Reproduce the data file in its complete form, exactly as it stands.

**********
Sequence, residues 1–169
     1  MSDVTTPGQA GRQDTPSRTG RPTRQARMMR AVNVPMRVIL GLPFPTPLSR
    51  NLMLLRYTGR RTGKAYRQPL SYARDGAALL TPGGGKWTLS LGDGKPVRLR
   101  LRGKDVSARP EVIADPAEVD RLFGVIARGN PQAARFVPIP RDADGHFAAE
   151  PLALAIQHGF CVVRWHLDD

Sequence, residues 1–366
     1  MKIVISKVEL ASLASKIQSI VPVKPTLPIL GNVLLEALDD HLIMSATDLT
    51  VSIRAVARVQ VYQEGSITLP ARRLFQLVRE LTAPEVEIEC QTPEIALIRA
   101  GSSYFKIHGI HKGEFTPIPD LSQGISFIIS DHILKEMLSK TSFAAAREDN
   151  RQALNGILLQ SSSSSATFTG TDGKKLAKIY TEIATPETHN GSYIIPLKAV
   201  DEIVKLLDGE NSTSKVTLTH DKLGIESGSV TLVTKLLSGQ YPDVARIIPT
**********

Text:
Sequence, residues 1–169
     1  MSDVTTPGQA GRQDTPSRTG RPTRQARMMR AVNVPMRVIL GLPFPTPLSR
    51  NLMLLRYTGR RTGKAYRQPL SYARDGAALL TPGGGKWTLS LGDGKPVRLR
   101  LRGKDVSARP EVIADPAEVD RLFGVIARGN PQAARFVPIP RDADGHFAAE
   151  PLALAIQHGF CVVRWHLDD

Sequence, residues 1–366
     1  MKIVISKVEL ASLASKIQSI VPVKPTLPIL GNVLLEALDD HLIMSATDLT
    51  VSIRAVARVQ VYQEGSITLP ARRLFQLVRE LTAPEVEIEC QTPEIALIRA
   101  GSSYFKIHGI HKGEFTPIPD LSQGISFIIS DHILKEMLSK TSFAAAREDN
   151  RQALNGILLQ SSSSSATFTG TDGKKLAKIY TEIATPETHN GSYIIPLKAV
   201  DEIVKLLDGE NSTSKVTLTH DKLGIESGSV TLVTKLLSGQ YPDVARIIPT